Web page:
From Austria, we have selected two exceptional scientists to be featured in our list of the top 100 scientists of all time. The first luminary on our list is Gregor Mendel. He is known by everyone as the “Father of Genetics.” His plant experiments revealed the secrets of how traits are passed down from parents to children. People were curious about genetics for a long time, but no one really looked into it until Mendel did in the 1850s. This is surprising because even back in the 1730s, Carl Linnaeus used traits to group plants and animals together. If he had studied how those traits worked, he would have been known for both taxonomy and genetics.
Despite this, Mendel deserves all the credit he got for genetics. He became interested when he saw different plants and animals having different traits. He started studying mice and bees, but the bishop in charge didn’t like the idea of friars working on what he called “animal sex.” So, Mendel turned to studying plants, comparing things like heights and flower colors. He used simple math to analyze his findings and found that the traits of future generations could be predicted because they were so consistent.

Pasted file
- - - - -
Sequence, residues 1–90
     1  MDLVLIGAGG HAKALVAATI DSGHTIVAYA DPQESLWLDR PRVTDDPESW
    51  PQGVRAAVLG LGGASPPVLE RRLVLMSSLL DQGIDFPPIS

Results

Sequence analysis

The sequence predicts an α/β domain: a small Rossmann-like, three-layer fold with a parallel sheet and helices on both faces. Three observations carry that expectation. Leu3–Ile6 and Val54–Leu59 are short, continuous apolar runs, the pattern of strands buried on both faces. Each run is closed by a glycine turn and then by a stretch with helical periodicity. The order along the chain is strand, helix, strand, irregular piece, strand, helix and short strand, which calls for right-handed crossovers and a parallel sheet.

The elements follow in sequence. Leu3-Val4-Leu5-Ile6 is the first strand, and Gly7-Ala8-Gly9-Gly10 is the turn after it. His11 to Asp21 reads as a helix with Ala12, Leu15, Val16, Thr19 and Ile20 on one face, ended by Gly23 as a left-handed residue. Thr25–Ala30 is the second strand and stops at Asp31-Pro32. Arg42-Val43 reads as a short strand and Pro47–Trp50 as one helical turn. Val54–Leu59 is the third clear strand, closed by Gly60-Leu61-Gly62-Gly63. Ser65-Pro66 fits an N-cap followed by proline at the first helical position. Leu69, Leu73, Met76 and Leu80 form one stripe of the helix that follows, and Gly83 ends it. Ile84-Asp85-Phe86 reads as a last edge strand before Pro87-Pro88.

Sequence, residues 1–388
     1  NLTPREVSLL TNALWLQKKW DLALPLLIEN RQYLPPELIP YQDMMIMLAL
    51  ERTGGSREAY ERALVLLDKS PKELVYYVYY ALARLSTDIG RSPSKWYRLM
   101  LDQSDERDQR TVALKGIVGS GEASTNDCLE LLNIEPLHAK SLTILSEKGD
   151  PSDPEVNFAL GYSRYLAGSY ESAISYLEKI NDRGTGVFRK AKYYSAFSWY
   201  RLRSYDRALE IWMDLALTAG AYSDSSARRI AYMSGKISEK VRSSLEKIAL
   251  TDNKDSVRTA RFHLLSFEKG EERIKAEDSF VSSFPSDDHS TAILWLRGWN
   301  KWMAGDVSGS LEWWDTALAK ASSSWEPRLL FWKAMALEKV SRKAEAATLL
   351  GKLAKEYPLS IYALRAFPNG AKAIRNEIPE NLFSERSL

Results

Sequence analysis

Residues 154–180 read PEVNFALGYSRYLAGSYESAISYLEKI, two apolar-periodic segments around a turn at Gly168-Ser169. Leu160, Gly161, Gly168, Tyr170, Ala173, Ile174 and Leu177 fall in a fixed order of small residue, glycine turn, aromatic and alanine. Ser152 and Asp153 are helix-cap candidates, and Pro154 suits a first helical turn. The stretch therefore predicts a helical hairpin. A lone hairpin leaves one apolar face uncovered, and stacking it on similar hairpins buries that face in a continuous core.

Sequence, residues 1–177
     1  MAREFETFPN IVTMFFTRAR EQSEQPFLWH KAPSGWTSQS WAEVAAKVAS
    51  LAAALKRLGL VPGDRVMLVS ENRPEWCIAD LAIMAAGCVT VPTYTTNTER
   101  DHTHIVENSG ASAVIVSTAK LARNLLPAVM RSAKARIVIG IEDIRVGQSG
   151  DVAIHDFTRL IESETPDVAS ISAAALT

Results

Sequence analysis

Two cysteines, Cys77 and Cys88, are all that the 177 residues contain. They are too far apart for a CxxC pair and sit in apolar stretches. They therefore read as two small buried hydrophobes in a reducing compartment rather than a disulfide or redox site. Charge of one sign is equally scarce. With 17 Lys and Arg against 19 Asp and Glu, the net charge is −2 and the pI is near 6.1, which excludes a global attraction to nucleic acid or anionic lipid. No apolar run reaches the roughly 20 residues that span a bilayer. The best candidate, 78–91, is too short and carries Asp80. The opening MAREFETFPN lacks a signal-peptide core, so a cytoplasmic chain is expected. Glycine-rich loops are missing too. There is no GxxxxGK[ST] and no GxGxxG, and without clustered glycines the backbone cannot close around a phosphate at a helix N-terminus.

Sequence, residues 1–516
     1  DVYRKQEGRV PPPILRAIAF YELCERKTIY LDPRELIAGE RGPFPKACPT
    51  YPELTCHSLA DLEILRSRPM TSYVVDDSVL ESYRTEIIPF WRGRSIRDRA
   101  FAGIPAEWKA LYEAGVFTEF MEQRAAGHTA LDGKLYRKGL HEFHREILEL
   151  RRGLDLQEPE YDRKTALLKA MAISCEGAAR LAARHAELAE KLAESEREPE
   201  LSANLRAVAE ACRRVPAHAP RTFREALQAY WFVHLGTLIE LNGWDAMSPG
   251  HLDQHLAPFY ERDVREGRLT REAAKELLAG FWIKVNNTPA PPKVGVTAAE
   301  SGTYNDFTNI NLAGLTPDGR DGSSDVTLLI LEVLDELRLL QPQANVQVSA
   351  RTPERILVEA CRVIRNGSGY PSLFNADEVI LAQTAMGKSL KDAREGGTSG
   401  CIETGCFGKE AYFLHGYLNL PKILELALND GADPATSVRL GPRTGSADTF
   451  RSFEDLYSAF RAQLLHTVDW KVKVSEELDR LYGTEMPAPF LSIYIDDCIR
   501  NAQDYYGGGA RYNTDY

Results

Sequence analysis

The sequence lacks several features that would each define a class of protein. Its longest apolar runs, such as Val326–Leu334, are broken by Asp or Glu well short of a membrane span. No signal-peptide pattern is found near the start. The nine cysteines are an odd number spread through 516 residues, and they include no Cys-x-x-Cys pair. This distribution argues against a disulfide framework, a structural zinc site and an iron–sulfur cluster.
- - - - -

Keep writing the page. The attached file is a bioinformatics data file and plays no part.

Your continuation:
Mendel’s methods and conclusions were groundbreaking. They opened the door to the amazing world of genetics that we find fascinating today. His Laws of Heredity were so ahead of their time that people didn’t fully appreciate them until long after he passed away. Besides genetics, Mendel also studied astronomy and weather. In fact, he wrote more about weather than genetics and even started Austria’s Meteorological Society.

3. Austria-02: Lise Meitner (November 7, 1878 – October 27, 1968)
The second luminary from Austria on our list is Lise Meitner. She was born on the same day as another great female scientist, Marie Curie, even though she was 11 years younger. Like Curie, Meitner faced challenges as a woman in the field of science. She became the first woman in Germany to be a physics professor, but lost her position when the Nazis took control.
Working with Otto Hahn, Meitner made significant contributions to the study of radioactivity and radiochemistry. Later, she collaborated with her nephew, Otto Frisch, to understand nuclear reactors and atomic bombs. Despite her crucial role, she faced discrimination as a woman with Jewish heritage.
In 1944, the Nobel Committee awarded the Prize only to Otto Hahn, overlooking Meitner and others. This decision was criticized years later. In 1949, the International Union of Pure and Applied Chemistry recognized Meitner and Hahn as the discoverers of protactinium.